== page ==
What is the Maillard reaction?

And why does the Maillard Reaction make everything delicious?

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By Max Bender

maillard reaction

The Maillard reaction is one of the most important phenomena in cooking that many may not be familiar with, but is responsible for the formation of the flavors and aromas in a variety of cooked foods (not all cooked foods, as we will see).

Let’s find out more about this intriguing phenomenon.

What is the Maillard reaction, exactly?

Imagine these three foods: a freshly baked cake, a rare steak, and just-baked bread. What do they have in common? Yes, exactly—they are all cooked, and more importantly, they have that appealing brown crust on the outside that we all love. Would we ever consider eating any of these three foods raw? They might not be so appealing, right?

The outer crust is the most delicious part of foods, and it’s delicious because we perceive it as such due to certain substances present in this part of the food that were not there in the raw form. Otherwise, we could eat these things raw.

But how is it possible that something that wasn’t there before cooking suddenly appears?

It’s thanks to the Maillard reaction, a process that many are unaware of but one that we all leverage almost every day in our kitchens. Understanding it means being able to utilize it better and create tastier dishes next time.

The basics of the Maillard reaction

To grasp how certain compounds can be present only after cooking and not before, you need to have some basic understanding of chemistry—very, very simple basics (so don’t be intimidated).

If I have compound A and compound B that have the ability to bind, and I put them together, they will do so: at the end of the reaction, I won’t have compound A or compound B anymore—I’ll have only compound A+B, which could be entirely different. A straightforward example is hydrogen (A) and oxygen (B): combining them gives water, the compound A+B. I no longer have pure oxygen or pure hydrogen but a new compound.

Now, the Maillard reaction is somewhat similar, but much, much more complex. So complex that even chemists don’t fully understand it yet.

While it’s fundamentally the same for all foods exposed to high temperatures, it varies for each, and this is where the complexity lies.

An incredibly complex phenomenon

In the Maillard reaction, sugars and proteins bind together, thanks to the energy supplied by heat, forming new substances that we perceive as “good.” Both components are essential for this process: if either sugars or proteins are missing, the reaction doesn’t occur, resulting in something different—think of caramel (sugars only) or pure proteins like chicken breast, which is low in sugars, and consequently, the exterior quickly becomes tough.

In the case of plant-based foods, they typically contain an ample amount of both these components, facilitating the Maillard reaction. For meat, this may not be the case; there could be plenty of proteins and few sugars. That’s why meat is often marinated with lemon, wine, or honey—foods rich in sugars—enhancing the flavor as the reaction is activated.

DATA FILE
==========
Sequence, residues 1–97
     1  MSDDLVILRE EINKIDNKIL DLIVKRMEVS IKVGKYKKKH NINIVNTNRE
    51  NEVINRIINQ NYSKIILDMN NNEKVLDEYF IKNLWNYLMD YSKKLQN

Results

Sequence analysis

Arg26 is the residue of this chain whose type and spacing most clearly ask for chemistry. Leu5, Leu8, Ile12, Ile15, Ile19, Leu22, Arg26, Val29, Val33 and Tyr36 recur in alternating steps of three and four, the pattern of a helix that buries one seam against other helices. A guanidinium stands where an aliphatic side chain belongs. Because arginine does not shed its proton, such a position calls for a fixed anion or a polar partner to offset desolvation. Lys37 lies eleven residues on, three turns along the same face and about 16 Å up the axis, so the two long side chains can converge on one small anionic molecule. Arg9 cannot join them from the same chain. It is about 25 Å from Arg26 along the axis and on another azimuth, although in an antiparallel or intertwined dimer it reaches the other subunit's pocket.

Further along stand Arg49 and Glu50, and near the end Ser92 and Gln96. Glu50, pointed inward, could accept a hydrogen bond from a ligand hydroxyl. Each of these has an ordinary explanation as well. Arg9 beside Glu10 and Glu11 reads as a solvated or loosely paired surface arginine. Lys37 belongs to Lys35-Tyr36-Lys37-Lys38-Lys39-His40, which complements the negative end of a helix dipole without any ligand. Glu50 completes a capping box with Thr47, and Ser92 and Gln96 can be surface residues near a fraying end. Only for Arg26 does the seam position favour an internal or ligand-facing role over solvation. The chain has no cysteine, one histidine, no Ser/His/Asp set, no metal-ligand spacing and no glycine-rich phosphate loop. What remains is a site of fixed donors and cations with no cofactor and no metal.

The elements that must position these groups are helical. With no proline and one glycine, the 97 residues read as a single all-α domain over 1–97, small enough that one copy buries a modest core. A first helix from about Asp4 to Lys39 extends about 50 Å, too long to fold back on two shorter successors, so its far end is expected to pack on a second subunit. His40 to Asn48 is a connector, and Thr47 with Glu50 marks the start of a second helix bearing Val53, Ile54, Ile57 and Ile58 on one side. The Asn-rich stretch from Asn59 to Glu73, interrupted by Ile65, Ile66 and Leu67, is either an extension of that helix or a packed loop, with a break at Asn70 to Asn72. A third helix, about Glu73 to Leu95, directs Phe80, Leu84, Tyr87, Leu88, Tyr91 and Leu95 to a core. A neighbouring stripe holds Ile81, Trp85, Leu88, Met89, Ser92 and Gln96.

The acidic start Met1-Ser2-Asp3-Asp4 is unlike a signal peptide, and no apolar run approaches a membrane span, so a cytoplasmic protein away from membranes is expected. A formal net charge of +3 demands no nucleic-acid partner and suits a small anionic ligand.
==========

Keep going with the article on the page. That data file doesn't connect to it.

It goes without saying that in boiling, the Maillard reaction doesn’t take place: when water is introduced between proteins and sugars, they won’t bind. On the other hand, oil infiltrates less, making frying an ideal environment for the Maillard reaction to occur.

How to Manage the Maillard Reaction

Have you grasped what the Maillard reaction is? I know it’s not simple, but if you think I’m making it too complicated, take a look at how Wikipedia explains it—you might lose interest and return here :).

Regardless, the reaction has rules for it to occur properly, and these are theoretical concepts that chefs, those who engage in this every day and have studied for it, are familiar with. Criticisms on Masterchef often stem from contestants having creativity but lacking theoretical knowledge in the kitchen, putting them at a disadvantage.

maillard reaction
Basic explanation of the Maillard chemical reaction in cooking.

At what temperature does the Maillard reaction occur?

The Maillard reaction happens in the range 140°C-180°C / 280°F-360°F. If the temperature isn’t reached, the outer layer will dehydrate, and the food will become tough without browning much, resulting in a lack of flavor.

If it surpasses 180°C or 360°F, it turns black and burnt, and toxic compounds may be released, so it’s better to avoid that.

The crucial aspect of the reaction is that it must be left alone. Firstly, it needs to begin before the proteins and sugars degrade separately. Whether cooking in a pan, on a grill, or in an oven, the temperature must already be high when placing the food inside, or the reaction won’t occur. Once cooking has commenced, things shouldn’t be fiddled with—lifting the meat excessively to flip it or constantly opening the oven will lower the temperature, disrupting the reaction.

When, during cooking, we start to see the color darken, it means the reaction has occurred. The reaction consists of three phases, with the second being the formation of “good” compounds and the third being the browning.

Therefore, only if the color is dark can we conclude that the reaction has taken place, and we can remove the food from the pan or oven.

Of course, this isn’t meant to be a cooking lesson (far from it), just a brief introduction to understanding a complex phenomenon that many witness but may not fully comprehend.

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